Yesterday, in the first excerpt from my new book, Bradley Manning: Truth and Consequences, we noted that even after the uproar over the harsh conditions of his current incarceration at Quantico—facing serious charges for allegedly passing classified material to WikiLeaks—few know much or anything about his early life.
After tracing the days of his youth in Oklahoma, and kicking around at low-paying jobs after high school, we pick up the story after he has decided to join the military. The new book is available as an e-book here and print here.
According to Jordan Davis, his friend had always wanted to serve in the army. He “had views about the world,” and some of those views were very “pro-America, pro-Army,” Davis told reporter Ed Caesar of the Sunday Times of London. But he added: “I was a little worried about Bradley joining the army. I think he underestimated the culture of the military.”
He “thought it would be incredibly interesting, and exciting," Davis told another reporter, Denver Nicks. “He was proud of our successes as a country. He valued our freedom, but probably our economic freedom the most. I think he saw the US as a force for good in the world…”
But Manning’s father told a different story when interviewed in 2011 for a PBS Frontline documentary about Bradley. Brian Manning said his son had never wanted to join the military and only signed up after he pushed Bradley to do so. “I didn’t make him,” Manning told Frontline. “I twisted his arm and urged him as much as a father can possibly urge somebody…. because he needed structure in his life. He was aimless.”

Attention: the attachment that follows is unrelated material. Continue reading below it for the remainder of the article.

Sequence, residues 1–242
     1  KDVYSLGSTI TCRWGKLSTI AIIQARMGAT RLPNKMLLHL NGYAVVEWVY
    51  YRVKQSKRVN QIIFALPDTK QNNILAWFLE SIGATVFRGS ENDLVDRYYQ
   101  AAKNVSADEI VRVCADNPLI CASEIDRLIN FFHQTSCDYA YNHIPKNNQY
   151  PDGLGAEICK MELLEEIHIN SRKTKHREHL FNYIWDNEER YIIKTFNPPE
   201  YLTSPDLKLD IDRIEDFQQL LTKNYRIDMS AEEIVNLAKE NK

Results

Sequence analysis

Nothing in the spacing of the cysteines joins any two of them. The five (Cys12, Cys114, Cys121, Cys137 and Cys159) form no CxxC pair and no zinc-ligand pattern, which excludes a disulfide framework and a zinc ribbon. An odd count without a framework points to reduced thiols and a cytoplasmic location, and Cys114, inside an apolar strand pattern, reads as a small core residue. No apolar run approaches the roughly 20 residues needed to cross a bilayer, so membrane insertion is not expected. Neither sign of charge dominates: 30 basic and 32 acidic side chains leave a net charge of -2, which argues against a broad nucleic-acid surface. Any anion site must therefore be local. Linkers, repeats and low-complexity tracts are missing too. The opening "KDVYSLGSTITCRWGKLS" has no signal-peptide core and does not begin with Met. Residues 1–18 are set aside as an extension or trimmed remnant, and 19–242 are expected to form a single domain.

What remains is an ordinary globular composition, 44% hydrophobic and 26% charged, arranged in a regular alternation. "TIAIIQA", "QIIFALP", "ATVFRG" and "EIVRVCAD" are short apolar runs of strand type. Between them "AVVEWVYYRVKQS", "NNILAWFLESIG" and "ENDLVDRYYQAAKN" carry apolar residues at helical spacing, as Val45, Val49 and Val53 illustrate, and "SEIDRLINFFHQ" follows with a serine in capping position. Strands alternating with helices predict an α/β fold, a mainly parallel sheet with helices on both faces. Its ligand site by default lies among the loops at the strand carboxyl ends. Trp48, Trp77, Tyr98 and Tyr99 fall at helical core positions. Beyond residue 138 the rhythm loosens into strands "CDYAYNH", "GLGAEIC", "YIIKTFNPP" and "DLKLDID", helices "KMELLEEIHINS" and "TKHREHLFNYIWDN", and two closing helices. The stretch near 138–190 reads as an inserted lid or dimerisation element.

While at Fort Huachuca in Arizona for training, Manning was reprimanded for posting messages to friends on YouTube that revealed sensitive information. Still, he gained the status of an intelligence analyst with a security clearance. Next, he was stationed at Fort Drum in upstate New York.
Manning spent the holidays at the end of 2008 in the Washington, DC, area, and announced he had a new boyfriend, Tyler Watkins, who was studying neuroscience and psychology at Brandeis, near Boston. Manning often visited him there. Watkins’s circle included hackers and other information-must-be-free advocates.
Later he met David House, a young researcher at MIT who hails from Alabama, at a conference House organized. “Clearly Bradley was somehow involved in the hacker culture,” House told the Guardian in March 2011. “But he looked a bit like an outsider. Bradley had obviously slept well, he hadn’t been up for days on end, his hair was fixed, he had showered. He wasn’t dirty, like a typical hacker is.”